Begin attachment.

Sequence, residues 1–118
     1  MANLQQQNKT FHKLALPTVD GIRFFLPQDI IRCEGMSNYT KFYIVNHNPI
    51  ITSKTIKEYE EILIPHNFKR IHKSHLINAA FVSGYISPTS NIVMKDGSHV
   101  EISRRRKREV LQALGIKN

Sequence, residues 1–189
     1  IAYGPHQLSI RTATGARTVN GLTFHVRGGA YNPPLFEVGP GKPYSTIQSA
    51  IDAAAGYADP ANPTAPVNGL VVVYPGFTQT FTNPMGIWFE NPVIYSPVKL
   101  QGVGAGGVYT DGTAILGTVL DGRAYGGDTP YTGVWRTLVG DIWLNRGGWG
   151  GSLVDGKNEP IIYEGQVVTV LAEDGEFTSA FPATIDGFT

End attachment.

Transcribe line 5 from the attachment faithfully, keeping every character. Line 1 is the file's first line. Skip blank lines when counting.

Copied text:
Sequence, residues 1–189